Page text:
When a questionnaire attracts only a limited response, it can indicate indifference to the issue. The Equal Opportunities Commission is, therefore, rightly concerned with the low response rate to its survey on whether Hong Kong companies have policies to deal with sexual harassment in the workplace. Only 3 per cent of the 6,000 companies canvassed in the survey responded. It can be assumed that the rest do not think much about the issue, or have no policy at all.
The results from the 198 responses are not reassuring, either. Forty three per cent of companies did not have a policy covering sexual harassment. Of the 113 that have one, nearly half stopped short of providing further details. How well their policies have been implemented remains uncertain.
That companies apparently attach a low level of importance to workplace sexual harassment is disappointing. It sits oddly with the situation reported by the commission. Of the 316 complaints received under the Sex Discrimination Ordinance last year, more than one-third were related to workplace sexual harassment. The problem calls for closer attention.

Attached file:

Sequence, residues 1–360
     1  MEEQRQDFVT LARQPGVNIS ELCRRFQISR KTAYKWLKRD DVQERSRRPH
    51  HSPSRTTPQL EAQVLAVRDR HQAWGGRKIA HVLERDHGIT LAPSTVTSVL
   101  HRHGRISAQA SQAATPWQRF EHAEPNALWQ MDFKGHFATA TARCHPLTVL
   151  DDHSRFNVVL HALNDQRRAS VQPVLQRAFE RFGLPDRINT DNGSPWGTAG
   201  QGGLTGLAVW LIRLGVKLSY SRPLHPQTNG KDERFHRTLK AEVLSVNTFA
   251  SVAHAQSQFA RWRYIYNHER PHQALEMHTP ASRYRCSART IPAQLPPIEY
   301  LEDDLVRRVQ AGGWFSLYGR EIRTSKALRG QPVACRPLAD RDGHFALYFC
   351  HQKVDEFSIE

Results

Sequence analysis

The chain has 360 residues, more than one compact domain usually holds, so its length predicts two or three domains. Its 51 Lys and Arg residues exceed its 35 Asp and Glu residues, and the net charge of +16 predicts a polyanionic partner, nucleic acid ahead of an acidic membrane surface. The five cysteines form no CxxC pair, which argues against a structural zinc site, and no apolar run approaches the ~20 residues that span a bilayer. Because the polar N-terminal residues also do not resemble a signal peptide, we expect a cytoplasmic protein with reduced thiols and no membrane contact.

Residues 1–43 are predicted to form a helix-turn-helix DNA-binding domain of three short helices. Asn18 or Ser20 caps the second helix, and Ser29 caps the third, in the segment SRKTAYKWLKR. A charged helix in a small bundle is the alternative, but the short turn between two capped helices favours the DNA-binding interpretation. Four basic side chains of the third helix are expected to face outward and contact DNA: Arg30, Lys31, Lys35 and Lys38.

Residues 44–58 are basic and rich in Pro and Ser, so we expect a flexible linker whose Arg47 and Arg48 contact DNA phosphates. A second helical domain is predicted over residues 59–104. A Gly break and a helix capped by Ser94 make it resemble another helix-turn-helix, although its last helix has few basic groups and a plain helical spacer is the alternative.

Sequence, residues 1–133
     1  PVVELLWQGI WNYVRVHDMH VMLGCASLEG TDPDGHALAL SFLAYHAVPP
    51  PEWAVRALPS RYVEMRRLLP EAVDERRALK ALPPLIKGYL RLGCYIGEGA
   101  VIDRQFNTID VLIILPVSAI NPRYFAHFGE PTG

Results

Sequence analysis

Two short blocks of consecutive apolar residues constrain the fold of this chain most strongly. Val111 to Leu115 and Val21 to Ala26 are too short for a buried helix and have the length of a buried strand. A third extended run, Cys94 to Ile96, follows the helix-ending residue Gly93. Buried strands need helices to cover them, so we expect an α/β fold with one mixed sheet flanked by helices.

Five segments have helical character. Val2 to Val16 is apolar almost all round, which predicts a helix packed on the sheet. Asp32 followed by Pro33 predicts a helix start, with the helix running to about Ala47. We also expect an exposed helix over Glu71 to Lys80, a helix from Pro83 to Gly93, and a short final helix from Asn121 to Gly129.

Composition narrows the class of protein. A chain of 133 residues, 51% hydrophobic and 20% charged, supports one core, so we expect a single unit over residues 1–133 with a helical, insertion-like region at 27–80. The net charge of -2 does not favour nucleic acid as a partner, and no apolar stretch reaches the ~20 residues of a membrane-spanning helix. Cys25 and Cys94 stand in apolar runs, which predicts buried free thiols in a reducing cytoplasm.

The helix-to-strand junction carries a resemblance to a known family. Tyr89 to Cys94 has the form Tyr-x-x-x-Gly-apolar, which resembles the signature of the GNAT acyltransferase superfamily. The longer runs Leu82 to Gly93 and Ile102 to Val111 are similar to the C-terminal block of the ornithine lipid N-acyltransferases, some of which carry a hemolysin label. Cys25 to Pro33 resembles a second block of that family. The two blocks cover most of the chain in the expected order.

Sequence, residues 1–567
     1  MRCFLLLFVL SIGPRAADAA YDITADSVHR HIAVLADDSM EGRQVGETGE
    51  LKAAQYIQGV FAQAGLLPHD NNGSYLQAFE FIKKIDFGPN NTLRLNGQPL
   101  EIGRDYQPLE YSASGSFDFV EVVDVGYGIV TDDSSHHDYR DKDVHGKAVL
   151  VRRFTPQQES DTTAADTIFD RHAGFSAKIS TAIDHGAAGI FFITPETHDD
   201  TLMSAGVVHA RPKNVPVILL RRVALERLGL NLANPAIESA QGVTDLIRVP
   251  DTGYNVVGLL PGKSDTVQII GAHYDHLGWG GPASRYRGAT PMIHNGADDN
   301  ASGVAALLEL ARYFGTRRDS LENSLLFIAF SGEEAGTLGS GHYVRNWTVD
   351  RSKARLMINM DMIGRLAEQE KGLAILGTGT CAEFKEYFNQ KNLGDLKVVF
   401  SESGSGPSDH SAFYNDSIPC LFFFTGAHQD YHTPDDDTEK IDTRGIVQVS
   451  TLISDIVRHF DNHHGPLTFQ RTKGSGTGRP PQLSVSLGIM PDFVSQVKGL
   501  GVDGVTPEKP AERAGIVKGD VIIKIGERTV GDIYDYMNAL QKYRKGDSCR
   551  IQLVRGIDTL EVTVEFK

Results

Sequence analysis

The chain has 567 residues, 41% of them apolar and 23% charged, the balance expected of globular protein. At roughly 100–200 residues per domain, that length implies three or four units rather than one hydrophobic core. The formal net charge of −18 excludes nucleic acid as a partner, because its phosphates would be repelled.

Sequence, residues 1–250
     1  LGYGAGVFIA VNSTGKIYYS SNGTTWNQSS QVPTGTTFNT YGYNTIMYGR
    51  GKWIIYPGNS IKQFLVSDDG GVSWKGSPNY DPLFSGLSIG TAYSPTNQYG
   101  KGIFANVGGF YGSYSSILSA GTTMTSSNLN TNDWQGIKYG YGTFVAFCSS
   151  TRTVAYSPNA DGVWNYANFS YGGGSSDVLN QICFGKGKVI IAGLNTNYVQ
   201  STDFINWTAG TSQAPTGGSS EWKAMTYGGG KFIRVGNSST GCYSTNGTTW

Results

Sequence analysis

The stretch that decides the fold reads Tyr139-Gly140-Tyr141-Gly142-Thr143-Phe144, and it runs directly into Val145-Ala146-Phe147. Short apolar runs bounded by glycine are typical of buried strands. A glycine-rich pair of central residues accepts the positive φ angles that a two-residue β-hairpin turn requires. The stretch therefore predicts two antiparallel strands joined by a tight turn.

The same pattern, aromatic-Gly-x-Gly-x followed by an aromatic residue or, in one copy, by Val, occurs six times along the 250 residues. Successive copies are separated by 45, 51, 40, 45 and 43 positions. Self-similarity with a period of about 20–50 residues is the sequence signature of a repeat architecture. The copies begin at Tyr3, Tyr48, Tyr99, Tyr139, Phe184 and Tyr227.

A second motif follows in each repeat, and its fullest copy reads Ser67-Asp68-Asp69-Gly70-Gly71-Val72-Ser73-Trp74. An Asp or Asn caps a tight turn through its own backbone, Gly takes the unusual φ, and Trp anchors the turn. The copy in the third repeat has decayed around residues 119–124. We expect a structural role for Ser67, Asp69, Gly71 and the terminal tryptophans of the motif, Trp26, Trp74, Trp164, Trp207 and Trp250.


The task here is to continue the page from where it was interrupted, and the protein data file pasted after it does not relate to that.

It is a misconception that sexual harassment is only an issue among staff that does not warrant management intervention. The indifference of employers may be misinterpreted as turning a blind eye to the problem. Not only does harassment strain working relations, victims may fear possible reprisals and do not feel comfortable about complaining. As the commission warned, companies that fail to adopt reasonable policies and safeguards may be sued by employees who are victimised as a result of insufficient protection. In one case, an employer was asked to pay more than HK$1 million in compensation.
Attitudes and behaviour do not change overnight. Although a law against sex discrimination has been in force for almost two decades, employers' awareness about sexual harassment is still inadequate. The watchdog needs to take a more active role in getting the message across.